In a follow-up to yesterday’s post about Facebook employees looking to leave the company, Glassdoor released their 2019 rankings of the best places to work. Facebook has fallen hard from its number one perch sliding all the way down to number seven. While it’s still in the top ten of the best places to work in the country, its decline on Glassdoor’s list shows that worker’s attitudes toward the company have definitely shifted in a less than positive way. Facebook was supplanted at the top of the list by consulting firm Bain and Company.

    In other news, a scam has arisen on Facebook that is indicative of its ongoing fight with foreign agitators. WIRED is reporting that foreign entities are posing as various US veterans groups in order to provoke outrage among veterans. As has been Facebook’s usual response to matters like this, Facebook has only been shutting down these scam pages when they’ve been notified by a legitimate veterans organization although the process took months. The scam pages seem to be largely targeting veterans who served during the Vietnam War. The scammers seem to be targeting Vietnam vets due to their age and are hoping that the vets are not savvy internet users. Unfortunately, a number of these scam pages continued to stand because Facebook said that the page did not violate their ever-vague community standards.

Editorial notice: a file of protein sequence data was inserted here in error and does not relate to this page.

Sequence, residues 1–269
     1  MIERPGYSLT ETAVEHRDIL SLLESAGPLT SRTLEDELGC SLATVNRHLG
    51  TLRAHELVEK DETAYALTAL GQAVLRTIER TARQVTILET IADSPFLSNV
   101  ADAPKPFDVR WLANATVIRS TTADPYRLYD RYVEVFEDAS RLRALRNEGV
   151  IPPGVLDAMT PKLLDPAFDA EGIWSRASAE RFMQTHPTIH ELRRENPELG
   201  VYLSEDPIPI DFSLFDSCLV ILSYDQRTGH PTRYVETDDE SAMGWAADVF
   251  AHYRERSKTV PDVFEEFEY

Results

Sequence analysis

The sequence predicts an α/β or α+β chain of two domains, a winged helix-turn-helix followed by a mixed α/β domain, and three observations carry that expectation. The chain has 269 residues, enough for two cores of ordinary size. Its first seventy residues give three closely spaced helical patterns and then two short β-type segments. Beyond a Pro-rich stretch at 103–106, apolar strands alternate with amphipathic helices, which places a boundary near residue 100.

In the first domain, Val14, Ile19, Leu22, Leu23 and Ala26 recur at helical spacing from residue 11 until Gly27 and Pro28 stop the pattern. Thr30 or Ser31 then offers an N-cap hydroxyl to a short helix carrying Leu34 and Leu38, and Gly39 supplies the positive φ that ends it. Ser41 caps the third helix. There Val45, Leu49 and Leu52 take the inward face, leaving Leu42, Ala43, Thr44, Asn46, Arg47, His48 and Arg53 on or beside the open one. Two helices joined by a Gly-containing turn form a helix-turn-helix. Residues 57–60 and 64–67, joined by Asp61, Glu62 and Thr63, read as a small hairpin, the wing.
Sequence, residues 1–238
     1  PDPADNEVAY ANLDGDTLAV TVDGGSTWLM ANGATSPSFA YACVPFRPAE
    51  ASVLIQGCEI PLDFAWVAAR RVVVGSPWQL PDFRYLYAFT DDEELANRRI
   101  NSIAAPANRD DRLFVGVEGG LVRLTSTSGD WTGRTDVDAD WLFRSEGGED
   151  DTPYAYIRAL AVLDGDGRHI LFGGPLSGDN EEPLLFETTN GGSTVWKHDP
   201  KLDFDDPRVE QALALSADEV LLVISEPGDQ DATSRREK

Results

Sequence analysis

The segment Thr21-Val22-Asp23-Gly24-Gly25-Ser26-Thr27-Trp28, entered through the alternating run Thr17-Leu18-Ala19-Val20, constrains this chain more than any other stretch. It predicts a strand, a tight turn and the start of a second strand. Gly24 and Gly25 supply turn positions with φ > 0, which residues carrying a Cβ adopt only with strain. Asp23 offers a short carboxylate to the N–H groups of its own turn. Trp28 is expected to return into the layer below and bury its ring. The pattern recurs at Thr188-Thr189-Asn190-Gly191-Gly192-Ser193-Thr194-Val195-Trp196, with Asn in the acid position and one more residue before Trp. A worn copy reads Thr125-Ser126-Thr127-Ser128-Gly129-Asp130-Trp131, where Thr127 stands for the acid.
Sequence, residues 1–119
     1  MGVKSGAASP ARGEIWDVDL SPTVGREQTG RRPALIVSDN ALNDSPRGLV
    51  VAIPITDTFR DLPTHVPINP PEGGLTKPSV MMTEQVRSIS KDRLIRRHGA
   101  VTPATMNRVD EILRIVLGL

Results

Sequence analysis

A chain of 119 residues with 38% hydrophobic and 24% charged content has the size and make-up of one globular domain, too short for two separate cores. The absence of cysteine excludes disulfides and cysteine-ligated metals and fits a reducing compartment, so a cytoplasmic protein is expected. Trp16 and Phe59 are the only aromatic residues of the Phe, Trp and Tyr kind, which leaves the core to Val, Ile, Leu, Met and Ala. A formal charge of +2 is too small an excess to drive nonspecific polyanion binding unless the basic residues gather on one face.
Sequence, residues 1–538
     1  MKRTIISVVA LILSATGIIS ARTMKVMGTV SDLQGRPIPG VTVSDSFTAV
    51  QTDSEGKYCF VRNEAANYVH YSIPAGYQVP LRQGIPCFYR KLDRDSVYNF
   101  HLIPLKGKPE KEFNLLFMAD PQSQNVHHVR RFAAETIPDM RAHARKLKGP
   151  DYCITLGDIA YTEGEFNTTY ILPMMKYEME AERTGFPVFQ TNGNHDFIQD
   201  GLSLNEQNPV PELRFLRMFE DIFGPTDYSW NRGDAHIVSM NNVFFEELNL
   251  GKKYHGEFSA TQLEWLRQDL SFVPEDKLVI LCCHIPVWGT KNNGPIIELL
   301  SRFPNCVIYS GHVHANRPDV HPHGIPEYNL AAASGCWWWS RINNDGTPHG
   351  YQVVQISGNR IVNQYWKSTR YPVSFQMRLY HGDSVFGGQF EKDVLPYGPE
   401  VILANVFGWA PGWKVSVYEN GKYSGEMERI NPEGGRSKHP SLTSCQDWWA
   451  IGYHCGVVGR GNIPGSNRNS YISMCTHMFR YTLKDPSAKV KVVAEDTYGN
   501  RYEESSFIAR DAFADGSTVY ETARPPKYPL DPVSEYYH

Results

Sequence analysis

What can be said about this latest Facebook faux pas that hasn’t been said about the others? Again, this latest scam shows that Facebook seems to thrive on controversy and outrage in order to keep their users engaged on the platform by any means necessary. In this day and age where the average Facebook users use the platform to obtain their news, they can almost hardly be blamed for buying into the misinformation since they’re inundated by it on an almost constant basis. If Facebook isn’t willing to help those who have served our country then who are they out to help besides themselves?